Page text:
5, 6, 7, 8… if an 8-count ignites a wave of anxiety, don’t worry, you’re not alone. 

Attending a dance class of any kind can be intimidating at first. Standing in front of the mirror following choreography is a skill that takes time to learn and love. But, once you embrace that feeling of dancing in your bedroom like no one is watching, you’ll find the same joy in a class setting. 

Dance cardio is a hybrid of dance choreography and cardio exercises set to music, creating a heart-pumping workout to keep your body in constant motion. It’s the type of exercise that feels more like a party than anything else. Don’t be fooled though: this is a body-burning experience

Ready to jump in? Nervous about your first class? Hear from two Zumba instructors from the YMCA of Metro Atlanta on why dance cardio fuels your mind, body, and mood. 

Shaking it out = breaking a sweat 💦

A total body workout is like a one-stop-shop for fitness. And dance cardio works every single muscle in the body. 

Like walking, running, or cycling, dance cardio is an aerobic form of exercise. It improves your cardiovascular health, strengths your lungs, and benefits your circulatory system. Just to name a few. 

According to Healthline, dancing also increases stamina, strengthens your immune system, improves blood flow, creates a better sense of balance, and reduces the risk for chronic conditions like heart disease and diabetes

Alethia Tukes, a Zumba instructor at the Andrew & Walter Young Family weighs in: 

“The physical benefits of dance cardio are an improved cardiovascular system, flexibility, strength, increased energy, memorization, and weight loss.” 

Like we mentioned above, by moving nonstop (and we mean nonstop), your heart rate stays up, strengthening your cardiovascular system over time: 

A strong heart with a strong rhythm equals life,” says fellow instructor Sandra Fletcher. 

More endorphins, please 🙋‍♀️

Need a few more reasons to get moving? Studies have shown that exercise like dance improves areas of the brain that control memory and organization skills. Perhaps even more impressive, dancing can boost your ability to think as you age. Sort of like an anti-aging serum, for your brain. 

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Quite literally “dancing it out” has numerous health benefits. Like other forms of cardio, dancing creates endorphins to improve your mood, reduce stress, and lessen anxious feelings. 

 “It makes people feel confident, willing to take a risk, relieves stress, and depression. And for most it’s a social activity,” agrees Tukes. 

So, let’s talk about that last point. Finding a go-to class or teacher at a place like YMCA can create a sense of camaraderie that uplifts and inspires you.

 Jumping, turning, and stretching to fiery music, whether it’s with strangers or with your best friends, builds a sense of connection ignited by a shared love of music and movement.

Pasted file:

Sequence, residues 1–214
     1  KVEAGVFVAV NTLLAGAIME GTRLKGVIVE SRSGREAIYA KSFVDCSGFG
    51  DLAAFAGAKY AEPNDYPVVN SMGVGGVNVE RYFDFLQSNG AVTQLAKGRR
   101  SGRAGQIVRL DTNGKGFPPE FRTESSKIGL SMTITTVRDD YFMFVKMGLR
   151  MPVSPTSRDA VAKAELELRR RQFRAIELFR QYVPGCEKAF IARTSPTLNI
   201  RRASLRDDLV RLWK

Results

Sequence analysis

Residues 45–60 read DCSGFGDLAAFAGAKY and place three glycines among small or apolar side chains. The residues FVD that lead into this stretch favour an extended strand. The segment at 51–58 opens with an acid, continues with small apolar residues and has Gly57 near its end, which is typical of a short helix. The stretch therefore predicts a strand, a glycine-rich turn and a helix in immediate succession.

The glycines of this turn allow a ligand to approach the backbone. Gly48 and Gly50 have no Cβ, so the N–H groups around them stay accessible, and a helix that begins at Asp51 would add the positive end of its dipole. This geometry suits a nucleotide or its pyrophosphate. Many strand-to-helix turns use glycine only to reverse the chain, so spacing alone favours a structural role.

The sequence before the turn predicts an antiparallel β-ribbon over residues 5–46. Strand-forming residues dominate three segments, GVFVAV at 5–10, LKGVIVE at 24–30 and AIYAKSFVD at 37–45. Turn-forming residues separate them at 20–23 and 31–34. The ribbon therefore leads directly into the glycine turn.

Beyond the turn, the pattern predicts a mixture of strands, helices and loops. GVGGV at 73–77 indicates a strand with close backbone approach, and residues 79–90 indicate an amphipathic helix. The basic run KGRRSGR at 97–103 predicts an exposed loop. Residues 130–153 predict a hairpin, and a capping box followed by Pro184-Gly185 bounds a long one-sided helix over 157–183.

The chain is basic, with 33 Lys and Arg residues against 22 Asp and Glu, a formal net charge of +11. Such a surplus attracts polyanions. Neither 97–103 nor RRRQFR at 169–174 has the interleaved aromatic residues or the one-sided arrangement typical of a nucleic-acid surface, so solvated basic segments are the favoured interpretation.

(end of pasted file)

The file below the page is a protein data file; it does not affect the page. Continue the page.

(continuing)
When you sign up for a Gympass membership, you can find your feel-good community to cheer you on as you embark on your wellbeing journey. 

The hardest part is showing up ❤️

Trying anything new can be nerve-racking at first. But, there is also a thrill that comes with taking that first step. View it as an opportunity to surprise yourself, see where your mind and body can take you, and learn something about yourself in the process. Who knows? You may just find a new hobby to love. 

Showing up will build your confidence so you can enter any room, inside and outside of the gym, with your shoulders back and your head high. 

Fletcher says:

“My advice regarding the feeling of intimidation is this, once you are motivated and determined to attend a session, be consistent. Consistency is the key that promotes confidence and unlocks the feeling of intimidation.”

If you’re feeling unsure, bring a workout buddy to the class. Having this friend, family member, or co-worker by your side may make you feel more comfortable. Plus, you’ll have someone to hold you accountable on your fitness journey. 

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Lastly, just remember: everyone who starts something for the first time is a beginner. Don’t compare yourself to the person next to you in class, just focus on yourself. The more dance cardio classes you attend, the better you’ll get! Take it from Tukes: 

“The advice I have for someone intimidated by dance cardio, we all had to start somewhere, & there are NO wrong steps in my class. Dancing is all levels, try it! I will also advise them to observe the class. Once they set foot in the studio social anxiety tends to leave just the hearing of great music. Music is a universal language, in-between the floor and the ceiling is the music of our souls dancing, grooving, moving to our joy in our happy place!”